Statement Regarding the Violence in the Nation's Capitol
The Northeast Regional Honors Council is founded in the celebration and perseverance of education. We believe it is part of our mission to address the events of the week as a lack of adequate education and trust in the institution of education contributed to these incidents.
The breach of the US Capitol on January 6th, incited by the standing President, was an attack on the one of the most precious and unifying tenets on which our country stands, our Democracy. While these events were terrifying, shameful and criminal, we take comfort in the fact that this vicious attack failed. What persevered was the essential work of our democracy. What persevered was that, in the words of newly elected Senator Warnock, the first Black Senator elected to Georgia, "the 82-year-old hands that used to pick somebody else's cotton went to the polls and picked her youngest son to be a United States senator," along with the majority of Georgian voters. What persevered was the confirmation of our electoral process and the promise of a new direction for his country: one that celebrates our differences to unify, one that understands the power of words to inspire and empower and one that leads us towards liberty and justice for all. We can all agree that words matter. Body language matters. Leadership matters. As we move forward in 2021, we must ask questions. The NRHC Executive Board is hopeful that the circumstances that left our nation's Capitol vulnerable to attack will be investigated, that those who instigated the crime will be held accountable, and justice will be served.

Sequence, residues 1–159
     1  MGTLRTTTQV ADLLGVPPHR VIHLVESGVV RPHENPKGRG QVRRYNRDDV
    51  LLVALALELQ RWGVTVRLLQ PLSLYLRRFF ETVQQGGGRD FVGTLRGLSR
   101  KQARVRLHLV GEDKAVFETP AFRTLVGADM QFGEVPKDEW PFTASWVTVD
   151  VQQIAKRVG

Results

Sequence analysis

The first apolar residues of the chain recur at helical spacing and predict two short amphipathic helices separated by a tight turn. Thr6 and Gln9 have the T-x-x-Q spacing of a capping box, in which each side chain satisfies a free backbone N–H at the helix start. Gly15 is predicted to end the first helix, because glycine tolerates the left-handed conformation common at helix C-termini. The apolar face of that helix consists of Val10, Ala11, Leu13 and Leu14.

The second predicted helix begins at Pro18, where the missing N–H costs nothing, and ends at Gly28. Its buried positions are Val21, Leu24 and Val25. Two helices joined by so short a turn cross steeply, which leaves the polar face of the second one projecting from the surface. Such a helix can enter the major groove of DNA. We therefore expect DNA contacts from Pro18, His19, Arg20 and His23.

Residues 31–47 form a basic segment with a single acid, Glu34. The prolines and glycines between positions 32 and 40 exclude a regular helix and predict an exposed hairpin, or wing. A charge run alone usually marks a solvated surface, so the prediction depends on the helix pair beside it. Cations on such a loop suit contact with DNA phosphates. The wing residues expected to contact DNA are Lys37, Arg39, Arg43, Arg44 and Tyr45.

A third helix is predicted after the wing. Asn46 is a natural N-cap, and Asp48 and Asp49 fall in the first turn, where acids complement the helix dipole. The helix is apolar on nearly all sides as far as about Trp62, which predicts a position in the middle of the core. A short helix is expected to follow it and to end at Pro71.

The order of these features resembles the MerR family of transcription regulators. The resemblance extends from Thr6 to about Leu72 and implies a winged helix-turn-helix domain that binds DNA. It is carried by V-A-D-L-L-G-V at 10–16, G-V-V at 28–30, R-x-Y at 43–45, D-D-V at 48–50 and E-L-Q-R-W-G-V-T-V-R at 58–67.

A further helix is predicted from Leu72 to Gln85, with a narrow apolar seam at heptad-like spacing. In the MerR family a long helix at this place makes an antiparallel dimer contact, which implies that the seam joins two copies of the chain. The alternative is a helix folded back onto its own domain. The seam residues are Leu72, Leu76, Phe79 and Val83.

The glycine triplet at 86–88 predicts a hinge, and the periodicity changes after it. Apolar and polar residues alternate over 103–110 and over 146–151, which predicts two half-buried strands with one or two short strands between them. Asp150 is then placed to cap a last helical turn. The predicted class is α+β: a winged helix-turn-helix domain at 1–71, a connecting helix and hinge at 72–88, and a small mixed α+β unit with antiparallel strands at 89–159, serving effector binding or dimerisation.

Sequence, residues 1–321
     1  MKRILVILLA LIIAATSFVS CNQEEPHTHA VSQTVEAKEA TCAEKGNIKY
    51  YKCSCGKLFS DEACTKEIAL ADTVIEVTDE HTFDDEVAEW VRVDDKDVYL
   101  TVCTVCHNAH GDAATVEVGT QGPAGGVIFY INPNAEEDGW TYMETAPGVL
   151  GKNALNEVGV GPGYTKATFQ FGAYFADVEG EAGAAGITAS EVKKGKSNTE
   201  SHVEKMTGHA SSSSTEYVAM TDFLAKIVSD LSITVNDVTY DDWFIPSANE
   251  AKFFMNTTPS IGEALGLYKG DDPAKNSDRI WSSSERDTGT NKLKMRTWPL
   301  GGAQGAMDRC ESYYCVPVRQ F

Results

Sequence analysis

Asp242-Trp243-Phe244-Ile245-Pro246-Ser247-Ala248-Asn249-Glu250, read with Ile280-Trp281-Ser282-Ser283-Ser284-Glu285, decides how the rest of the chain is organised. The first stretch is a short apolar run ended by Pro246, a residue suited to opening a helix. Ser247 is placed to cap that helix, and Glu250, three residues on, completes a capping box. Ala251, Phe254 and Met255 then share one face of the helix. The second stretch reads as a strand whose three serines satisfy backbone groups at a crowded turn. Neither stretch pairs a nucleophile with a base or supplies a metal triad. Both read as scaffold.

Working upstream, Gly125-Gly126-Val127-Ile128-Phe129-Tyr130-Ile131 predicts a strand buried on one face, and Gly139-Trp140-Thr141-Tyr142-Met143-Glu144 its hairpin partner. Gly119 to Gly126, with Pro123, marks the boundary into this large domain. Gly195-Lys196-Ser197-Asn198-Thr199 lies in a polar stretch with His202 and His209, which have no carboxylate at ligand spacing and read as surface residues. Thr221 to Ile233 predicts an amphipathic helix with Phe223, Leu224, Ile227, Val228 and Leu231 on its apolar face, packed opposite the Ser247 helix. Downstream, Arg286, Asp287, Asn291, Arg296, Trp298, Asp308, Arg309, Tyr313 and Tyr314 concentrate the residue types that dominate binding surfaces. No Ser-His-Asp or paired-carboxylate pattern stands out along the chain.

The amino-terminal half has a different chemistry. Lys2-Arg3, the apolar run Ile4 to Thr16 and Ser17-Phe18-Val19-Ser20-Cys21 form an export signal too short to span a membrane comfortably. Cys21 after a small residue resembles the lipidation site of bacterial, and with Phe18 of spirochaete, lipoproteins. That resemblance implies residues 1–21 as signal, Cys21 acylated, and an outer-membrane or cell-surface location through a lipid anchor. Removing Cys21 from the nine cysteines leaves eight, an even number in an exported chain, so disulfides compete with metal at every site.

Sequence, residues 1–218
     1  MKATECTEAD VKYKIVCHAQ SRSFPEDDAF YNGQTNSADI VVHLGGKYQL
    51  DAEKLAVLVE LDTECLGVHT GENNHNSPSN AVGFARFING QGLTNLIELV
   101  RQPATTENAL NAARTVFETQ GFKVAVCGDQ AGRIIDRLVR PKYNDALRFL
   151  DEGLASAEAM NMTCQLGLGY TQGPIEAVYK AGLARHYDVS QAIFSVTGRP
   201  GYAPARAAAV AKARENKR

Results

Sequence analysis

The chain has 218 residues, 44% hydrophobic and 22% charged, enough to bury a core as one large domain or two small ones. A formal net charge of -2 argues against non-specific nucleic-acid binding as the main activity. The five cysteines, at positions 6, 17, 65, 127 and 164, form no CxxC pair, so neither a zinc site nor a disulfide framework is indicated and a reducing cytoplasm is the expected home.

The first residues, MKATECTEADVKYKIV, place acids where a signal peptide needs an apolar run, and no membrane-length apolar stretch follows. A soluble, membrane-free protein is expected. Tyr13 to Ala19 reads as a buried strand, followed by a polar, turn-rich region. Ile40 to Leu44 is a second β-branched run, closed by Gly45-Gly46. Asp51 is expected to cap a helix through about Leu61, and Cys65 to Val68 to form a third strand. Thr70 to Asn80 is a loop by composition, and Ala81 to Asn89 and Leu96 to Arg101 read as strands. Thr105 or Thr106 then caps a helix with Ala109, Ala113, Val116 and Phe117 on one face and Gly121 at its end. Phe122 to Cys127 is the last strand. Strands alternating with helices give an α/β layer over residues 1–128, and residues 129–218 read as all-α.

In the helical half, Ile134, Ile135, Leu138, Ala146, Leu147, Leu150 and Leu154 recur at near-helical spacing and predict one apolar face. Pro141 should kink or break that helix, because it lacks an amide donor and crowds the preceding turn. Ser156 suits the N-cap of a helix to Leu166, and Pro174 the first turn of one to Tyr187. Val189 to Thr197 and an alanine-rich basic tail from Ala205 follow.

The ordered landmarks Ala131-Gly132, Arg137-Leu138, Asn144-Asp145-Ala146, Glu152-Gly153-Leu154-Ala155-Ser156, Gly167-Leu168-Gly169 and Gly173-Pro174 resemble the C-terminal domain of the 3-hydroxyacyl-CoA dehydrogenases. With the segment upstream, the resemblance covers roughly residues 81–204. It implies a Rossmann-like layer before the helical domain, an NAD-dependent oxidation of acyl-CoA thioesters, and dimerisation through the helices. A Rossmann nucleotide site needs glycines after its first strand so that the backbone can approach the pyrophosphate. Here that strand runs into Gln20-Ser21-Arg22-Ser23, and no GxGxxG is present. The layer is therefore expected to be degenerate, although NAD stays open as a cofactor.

It is our responsibility as citizens and scholars to take sides. Holocaust survivor and witness, Elie Wiesel once said: “We must always take sides. Neutrality helps the oppressor, never the victim. Silence encourages the tormentor, never the tormented. Sometimes we must interfere. When human lives are endangered, when human dignity is in jeopardy, national borders and sensitivities become irrelevant. Wherever men or women are persecuted because of their race, religion, or political views, that place must—at that moment—become the center of the universe,” in his Nobel Peace Prize acceptance speech on Dec. 10, 1986.
May we continue to persevere in the search for answers and the truth. And to do so in a way that brings all of us together. It is what NRHC stands for and our continued quest for knowledge and faith in the system of education is a means to heal the fracturing of our republic.